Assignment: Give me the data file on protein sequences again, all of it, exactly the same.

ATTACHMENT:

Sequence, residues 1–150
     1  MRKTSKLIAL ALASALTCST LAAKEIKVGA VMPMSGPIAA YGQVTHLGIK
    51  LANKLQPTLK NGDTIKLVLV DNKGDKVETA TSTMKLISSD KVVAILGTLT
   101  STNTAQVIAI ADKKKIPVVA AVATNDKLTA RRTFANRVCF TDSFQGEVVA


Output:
Sequence, residues 1–150
     1  MRKTSKLIAL ALASALTCST LAAKEIKVGA VMPMSGPIAA YGQVTHLGIK
    51  LANKLQPTLK NGDTIKLVLV DNKGDKVETA TSTMKLISSD KVVAILGTLT
   101  STNTAQVIAI ADKKKIPVVA AVATNDKLTA RRTFANRVCF TDSFQGEVVA